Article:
“It’s probably the most autobiographical or obviously autobiographical record I’ve done,” says Bird, who recently married and had a child with his wife. “I never considered myself a confessional variety of songwriter. That’s sort of what happened. Life got intense and kind of scary for a period of time. I guess I fell into that cliché. First, I repressed it, and then it all came flooding out of me. That’s happened a few times in the past but not so much with a whole body of songs. With every song I’ve written, I can tell you what the personal story is behind it, and they all have personal stories behind them.”
He says his songs have an autobiographical edge, but that aspect is “anything but obvious.”
“In the past, you had to dig pretty deep or have me tell you the story,” he says. “In the interest of creating a record and body of songs that’s useful to people, that was a challenge for me. I had to find a way to really project them out of sitting on the couch with the guitar strumming late at night when everyone is asleep. To get them off the couch and out of yourself and vet the songs with the other people was a whole new process. I had never worked with a producer, and I wanted a serious get-in-my business producer. Songwriters can get away with murder in this medium, and I’ve gotten away with murder sometimes. That’s why I wanted to do a really tight record.”
The new approach comes across right from the opening notes of “Capsized,” a song that, with its propulsive bass riff and a steady drumbeat, sounds something like a Talking Heads tune.
“In the interest of making a useful record for people, I listened to groovy music,” says Bird. “I listened to Brazilian and African and Ethiopian music. It goes on and on. I like groovy polyrhythmic music with great bass lines. That’s the majority of my diet at home. It’s classic jazz and that stuff. I’ve always been obsessed with the sound of a rhythm section. I still wasn’t prepared for the first song we turned out. I wasn’t expecting it to sound so tight. It just sounded evil.”
Bird says the tune “set the tone for the rest of the record,” even though it’s a bit of an anomaly.
“I’ve been doing that song for 12 or 13 years,” he says. “It started out as an old spiritual and then a tune I used to do with Jimbo Mathis. It’s a mix of these two spirituals. They morphed over the years, and I started writing these lyrics that were based on a personal experience and on the super deluxe edition of the album, there’s a ten inch full of vastly different versions of the songs. Some are almost bluegrass and some are polyrhythmic and African. It doesn’t feel like you’re listening to a bunch of alt-takes or anything. They’re very different.”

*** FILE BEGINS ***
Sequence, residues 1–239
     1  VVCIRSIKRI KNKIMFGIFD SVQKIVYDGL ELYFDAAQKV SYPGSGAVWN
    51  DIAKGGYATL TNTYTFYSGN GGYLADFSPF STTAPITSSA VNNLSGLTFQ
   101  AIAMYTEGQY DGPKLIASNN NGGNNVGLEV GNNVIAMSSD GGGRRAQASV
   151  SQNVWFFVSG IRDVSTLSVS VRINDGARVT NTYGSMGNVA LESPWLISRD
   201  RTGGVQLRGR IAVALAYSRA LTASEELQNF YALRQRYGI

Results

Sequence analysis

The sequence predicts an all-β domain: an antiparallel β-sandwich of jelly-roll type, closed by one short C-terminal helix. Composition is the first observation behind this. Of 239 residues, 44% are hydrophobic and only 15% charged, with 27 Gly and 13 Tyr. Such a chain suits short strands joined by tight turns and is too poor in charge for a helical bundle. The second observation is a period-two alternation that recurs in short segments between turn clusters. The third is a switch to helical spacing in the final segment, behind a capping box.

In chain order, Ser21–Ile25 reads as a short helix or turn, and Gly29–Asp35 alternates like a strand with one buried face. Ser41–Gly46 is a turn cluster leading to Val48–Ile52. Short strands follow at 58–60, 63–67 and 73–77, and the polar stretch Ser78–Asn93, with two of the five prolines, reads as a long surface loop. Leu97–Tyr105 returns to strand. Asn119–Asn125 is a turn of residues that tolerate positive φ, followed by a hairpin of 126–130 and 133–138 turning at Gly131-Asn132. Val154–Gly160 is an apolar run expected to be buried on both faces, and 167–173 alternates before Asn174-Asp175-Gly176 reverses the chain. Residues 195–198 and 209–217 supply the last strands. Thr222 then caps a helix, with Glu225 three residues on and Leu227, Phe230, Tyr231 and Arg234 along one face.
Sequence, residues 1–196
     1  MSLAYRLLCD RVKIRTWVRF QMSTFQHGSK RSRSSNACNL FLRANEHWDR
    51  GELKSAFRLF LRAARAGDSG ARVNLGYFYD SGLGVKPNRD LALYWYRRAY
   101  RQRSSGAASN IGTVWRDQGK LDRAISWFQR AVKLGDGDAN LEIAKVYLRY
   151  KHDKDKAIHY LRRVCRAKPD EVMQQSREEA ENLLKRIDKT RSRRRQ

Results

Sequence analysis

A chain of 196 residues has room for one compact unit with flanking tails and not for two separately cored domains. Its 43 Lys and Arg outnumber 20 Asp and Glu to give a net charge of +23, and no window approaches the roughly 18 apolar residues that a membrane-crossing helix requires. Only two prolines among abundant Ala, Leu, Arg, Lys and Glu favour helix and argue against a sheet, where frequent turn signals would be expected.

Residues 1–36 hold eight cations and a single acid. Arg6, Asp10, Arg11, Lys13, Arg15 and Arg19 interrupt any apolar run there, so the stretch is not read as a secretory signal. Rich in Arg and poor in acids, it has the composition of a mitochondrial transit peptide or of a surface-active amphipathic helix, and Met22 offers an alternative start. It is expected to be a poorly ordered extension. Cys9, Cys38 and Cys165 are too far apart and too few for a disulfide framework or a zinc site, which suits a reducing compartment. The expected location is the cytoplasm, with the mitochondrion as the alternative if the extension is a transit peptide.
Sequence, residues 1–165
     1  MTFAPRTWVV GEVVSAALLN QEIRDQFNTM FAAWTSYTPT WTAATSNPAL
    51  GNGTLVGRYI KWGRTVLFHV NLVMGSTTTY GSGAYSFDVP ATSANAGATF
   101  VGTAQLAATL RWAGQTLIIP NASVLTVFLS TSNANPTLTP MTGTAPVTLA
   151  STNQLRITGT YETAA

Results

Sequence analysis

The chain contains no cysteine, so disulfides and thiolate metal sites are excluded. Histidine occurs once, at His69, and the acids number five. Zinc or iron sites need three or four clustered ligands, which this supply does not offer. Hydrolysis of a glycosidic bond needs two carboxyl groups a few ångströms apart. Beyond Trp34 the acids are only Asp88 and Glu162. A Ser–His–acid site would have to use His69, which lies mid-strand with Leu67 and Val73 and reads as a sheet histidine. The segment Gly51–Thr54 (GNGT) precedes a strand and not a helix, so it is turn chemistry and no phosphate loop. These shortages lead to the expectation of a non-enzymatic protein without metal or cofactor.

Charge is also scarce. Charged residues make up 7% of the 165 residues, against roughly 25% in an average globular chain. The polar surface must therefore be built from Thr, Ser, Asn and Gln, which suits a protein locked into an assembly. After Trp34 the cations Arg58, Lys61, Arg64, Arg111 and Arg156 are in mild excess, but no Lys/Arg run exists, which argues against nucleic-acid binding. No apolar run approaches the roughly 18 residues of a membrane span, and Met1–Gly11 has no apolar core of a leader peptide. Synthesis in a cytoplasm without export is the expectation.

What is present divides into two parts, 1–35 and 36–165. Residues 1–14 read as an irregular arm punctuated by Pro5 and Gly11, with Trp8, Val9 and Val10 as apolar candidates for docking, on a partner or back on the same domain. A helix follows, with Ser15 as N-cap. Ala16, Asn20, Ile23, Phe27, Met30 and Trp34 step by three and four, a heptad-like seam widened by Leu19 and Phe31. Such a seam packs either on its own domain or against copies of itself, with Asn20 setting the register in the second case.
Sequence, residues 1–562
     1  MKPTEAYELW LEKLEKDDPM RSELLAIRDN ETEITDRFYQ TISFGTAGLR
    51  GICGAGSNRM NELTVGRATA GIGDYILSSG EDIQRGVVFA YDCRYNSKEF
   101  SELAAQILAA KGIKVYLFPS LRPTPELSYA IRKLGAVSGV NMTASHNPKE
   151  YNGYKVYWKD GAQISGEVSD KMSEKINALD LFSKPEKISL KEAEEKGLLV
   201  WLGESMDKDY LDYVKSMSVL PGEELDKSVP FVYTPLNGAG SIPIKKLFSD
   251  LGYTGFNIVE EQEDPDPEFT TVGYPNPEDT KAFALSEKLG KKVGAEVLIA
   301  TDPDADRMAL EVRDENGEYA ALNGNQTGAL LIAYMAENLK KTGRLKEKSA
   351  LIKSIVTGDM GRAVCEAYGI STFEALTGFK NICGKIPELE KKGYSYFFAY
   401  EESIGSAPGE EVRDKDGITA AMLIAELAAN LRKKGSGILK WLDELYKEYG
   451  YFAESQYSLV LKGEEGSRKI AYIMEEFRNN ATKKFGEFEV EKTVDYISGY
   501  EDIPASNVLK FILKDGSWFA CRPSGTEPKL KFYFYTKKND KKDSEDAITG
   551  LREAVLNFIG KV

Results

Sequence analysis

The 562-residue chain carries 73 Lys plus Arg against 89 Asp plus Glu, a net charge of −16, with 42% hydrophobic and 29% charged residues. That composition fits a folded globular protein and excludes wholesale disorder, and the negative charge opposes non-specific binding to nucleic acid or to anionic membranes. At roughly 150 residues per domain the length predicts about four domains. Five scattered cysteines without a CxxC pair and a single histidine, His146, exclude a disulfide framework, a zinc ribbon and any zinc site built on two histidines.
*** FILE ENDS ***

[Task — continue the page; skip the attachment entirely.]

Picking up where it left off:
Another highlight, “Left Handed Kisses,” pairs Bird with singer Fiona Apple, who brings a real intensity to the song with her woozy vocals.
“It was indeed intense,” Bird says. “We went through a bunch of options of who we could get. I knew the voice had to have a real weight to it. Unless we’re going to somehow get PJ Harvey, it had to be Fiona. She completely threw herself into it. She brought a weight and heaviness and drama and performance.”
At a time when record labels don’t have huge budgets, Bird has made an album that sounds like a big-budget endeavor. And he did it without the support of a label.
“It seems like music is being devalued and there’s a fractioning of demographics and the way people consume it," he says. "What I decided to do was I decided to go lo-fi on the production on the previous records. We were just honest people in a room making music and working it out. I did that for a while. [With this album,] I wanted to do everything top tier. I haven’t done that yet. I wanted to see what it sounded like and one of the results is that it’s gotten really competitive — in a good way. Maybe like it was in the '60s when bands were checking out what other bands were doing. I started noticing Alabama Shakes and Spoon. They’re making outstanding records. I thought, ‘Maybe I should do an epic process of a record, which it was.’ I didn’t want anything to fall through the cracks. It’s been thoroughly edited.”
Andrew Bird, Boogarins, 7 p.m. Saturday, April 16, House of Blues, 308 Euclid Ave., 216-523-2583. Tickets: $33.50-$46, houseofblues.com.